Storybox: Writer Software

Disclaimer:  Mark gave me a free registration for Storybox in exchange for promoting the software.  However, 1) you can try it for free as long as you like and 2) I was going to talk it up anyway.

One of the guys that I met out at the marketing workshop a few weeks ago, Mark Fassett, isn’t just a writer and musician, he’s a programmer, too, a professional one who does a lot of mobile game apps.  He got sick of apps for writers that didn’t work the way he wanted to write, so he made his own:  Storybox.

I generally don’t screw around with software for writers.  I paid my dues learning how to make the various flavors of MS Word my bitch, and it’s a point of pride to keep up my skills, although I have to admit I can no longer navigate pre-2007 versions from memory when questions come up at parties, etc.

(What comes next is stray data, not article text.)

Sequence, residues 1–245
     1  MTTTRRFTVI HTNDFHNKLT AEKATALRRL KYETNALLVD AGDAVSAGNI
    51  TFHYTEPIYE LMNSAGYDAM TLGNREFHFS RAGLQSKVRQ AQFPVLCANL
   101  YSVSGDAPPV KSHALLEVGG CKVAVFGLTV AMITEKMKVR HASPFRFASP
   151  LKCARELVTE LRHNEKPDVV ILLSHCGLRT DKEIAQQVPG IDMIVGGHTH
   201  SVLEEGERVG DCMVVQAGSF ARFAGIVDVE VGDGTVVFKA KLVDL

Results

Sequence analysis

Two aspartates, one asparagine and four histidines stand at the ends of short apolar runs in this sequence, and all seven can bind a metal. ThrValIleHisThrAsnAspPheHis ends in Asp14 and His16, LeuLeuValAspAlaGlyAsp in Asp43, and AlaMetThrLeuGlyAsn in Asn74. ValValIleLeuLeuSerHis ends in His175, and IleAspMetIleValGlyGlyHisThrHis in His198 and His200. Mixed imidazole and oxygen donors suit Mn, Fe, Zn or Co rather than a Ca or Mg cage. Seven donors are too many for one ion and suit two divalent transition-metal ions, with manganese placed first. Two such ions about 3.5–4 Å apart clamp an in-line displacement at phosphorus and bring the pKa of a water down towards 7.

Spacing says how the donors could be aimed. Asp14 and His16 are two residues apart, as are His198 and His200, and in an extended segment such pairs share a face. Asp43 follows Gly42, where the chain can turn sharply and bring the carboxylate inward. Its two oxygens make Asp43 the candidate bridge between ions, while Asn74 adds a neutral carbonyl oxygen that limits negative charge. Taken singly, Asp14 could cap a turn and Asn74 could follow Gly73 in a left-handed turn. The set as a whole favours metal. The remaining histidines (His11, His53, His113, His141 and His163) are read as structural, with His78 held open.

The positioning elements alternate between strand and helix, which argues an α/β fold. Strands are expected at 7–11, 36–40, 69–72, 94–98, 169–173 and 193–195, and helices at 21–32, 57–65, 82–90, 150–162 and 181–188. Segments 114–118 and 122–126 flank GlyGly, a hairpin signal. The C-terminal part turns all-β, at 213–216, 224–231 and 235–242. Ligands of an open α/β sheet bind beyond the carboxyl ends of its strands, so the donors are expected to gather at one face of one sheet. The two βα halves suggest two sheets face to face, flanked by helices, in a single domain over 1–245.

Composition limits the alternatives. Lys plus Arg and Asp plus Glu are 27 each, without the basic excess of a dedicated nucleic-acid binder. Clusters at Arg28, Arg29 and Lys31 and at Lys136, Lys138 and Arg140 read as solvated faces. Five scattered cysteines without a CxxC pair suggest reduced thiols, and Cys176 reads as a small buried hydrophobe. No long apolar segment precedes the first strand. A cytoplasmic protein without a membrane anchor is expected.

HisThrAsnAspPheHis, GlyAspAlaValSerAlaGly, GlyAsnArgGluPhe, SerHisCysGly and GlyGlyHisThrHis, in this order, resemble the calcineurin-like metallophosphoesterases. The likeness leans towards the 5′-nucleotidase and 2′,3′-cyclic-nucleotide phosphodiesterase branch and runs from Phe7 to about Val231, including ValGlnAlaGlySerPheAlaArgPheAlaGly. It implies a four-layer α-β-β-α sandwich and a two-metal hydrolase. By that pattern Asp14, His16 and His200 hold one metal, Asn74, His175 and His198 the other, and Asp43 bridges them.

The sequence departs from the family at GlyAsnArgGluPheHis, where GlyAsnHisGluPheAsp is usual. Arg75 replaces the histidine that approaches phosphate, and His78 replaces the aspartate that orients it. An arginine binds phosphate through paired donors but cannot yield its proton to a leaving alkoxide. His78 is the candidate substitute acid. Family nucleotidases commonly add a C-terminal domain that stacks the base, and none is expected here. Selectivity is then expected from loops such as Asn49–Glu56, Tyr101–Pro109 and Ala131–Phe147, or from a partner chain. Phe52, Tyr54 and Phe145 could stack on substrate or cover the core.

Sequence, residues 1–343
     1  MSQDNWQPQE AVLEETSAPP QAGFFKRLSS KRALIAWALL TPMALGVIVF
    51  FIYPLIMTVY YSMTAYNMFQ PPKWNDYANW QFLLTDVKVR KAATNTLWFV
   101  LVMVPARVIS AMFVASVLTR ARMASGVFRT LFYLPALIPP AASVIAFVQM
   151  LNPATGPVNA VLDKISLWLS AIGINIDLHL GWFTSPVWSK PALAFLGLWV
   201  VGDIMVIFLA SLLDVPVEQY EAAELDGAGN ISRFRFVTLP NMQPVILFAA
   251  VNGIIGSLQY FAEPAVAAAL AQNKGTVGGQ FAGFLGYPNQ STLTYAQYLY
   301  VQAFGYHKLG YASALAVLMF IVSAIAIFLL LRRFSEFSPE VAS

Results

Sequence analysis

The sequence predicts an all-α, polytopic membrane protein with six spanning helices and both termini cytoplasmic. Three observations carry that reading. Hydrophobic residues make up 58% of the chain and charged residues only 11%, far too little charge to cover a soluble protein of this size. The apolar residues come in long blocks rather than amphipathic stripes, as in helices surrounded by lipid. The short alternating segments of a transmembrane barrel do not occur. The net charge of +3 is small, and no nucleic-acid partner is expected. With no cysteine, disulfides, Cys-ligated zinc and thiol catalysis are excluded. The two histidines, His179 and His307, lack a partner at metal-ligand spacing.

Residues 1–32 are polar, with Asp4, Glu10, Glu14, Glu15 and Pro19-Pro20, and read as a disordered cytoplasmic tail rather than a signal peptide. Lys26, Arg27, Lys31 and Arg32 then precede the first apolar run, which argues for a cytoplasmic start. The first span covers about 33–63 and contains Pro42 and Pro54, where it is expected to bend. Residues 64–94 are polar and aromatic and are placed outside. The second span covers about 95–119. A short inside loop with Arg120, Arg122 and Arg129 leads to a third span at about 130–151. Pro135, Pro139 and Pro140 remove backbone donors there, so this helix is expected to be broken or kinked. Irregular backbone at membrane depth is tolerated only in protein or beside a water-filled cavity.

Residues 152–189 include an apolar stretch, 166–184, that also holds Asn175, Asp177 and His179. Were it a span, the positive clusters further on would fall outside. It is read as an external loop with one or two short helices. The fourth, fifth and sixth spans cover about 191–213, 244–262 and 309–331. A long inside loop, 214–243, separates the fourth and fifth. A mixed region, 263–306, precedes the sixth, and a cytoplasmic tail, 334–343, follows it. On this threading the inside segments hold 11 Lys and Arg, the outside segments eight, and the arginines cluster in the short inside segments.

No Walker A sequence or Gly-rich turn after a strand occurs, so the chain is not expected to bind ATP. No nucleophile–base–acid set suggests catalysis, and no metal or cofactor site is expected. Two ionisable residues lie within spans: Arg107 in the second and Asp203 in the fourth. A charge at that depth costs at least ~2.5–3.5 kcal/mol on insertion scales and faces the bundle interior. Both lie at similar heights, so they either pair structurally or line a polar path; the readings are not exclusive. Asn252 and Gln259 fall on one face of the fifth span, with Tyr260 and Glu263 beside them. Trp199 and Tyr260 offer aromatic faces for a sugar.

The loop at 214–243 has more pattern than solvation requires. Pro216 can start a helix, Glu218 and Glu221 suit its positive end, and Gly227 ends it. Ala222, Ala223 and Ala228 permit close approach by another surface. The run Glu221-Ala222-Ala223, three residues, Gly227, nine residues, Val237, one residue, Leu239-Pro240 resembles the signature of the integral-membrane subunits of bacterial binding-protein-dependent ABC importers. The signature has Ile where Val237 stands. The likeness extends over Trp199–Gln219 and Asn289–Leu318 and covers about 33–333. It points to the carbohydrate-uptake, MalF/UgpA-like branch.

However, during the workshop, Mark kept talking about his software (he wasn’t bragging about it; related subjects just kept coming up), so I had to check it out after I got back.

Well, crap, man.  I wish I’d seen it before.  Although I suppose I wouldn’t have used it, not having had Kris inform me that I had to turn off my spell/grammar check underline wavies for the rest of the proposals for her part of the workshop.  First, THAT was an experience.  I wrote faster and better, just from getting rid of my reds and greens.  After I told her about my experience of finally remembering to run a proposal through spell-check after turning off autocheck, and finding only one misspelled word anyway, she said, “Good.  That’s why your proposals got so much more voice all of a sudden.”  So by the time I got home, I was ready to consider using software that wasn’t softly clearing its throat from over my shoulder all the time, instead of being proud of my ability to tune that throat-clearing out.

I got home, installed the software, and ran with it.

It was quite the experience.